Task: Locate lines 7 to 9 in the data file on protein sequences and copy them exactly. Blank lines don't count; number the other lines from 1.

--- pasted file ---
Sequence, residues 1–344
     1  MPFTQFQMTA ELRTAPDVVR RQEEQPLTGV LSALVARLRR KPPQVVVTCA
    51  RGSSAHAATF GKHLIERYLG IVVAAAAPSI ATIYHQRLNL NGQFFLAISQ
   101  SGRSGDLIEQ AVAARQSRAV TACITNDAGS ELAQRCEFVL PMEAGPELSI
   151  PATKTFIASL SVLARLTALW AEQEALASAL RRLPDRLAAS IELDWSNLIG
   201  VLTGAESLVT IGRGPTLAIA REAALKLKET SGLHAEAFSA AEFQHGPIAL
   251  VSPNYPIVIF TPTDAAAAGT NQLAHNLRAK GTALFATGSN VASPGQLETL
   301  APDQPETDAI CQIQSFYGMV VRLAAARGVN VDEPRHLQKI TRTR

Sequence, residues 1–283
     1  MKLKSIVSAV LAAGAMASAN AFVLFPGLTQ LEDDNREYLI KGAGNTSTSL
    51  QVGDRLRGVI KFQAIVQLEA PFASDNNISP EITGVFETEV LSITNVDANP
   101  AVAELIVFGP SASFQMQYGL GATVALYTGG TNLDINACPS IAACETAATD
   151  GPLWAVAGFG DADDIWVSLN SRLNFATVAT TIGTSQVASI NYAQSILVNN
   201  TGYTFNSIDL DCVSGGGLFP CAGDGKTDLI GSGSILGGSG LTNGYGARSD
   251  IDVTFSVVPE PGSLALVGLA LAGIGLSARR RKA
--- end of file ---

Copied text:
   251  VSPNYPIVIF TPTDAAAAGT NQLAHNLRAK GTALFATGSN VASPGQLETL
   301  APDQPETDAI CQIQSFYGMV VRLAAARGVN VDEPRHLQKI TRTR

Sequence, residues 1–283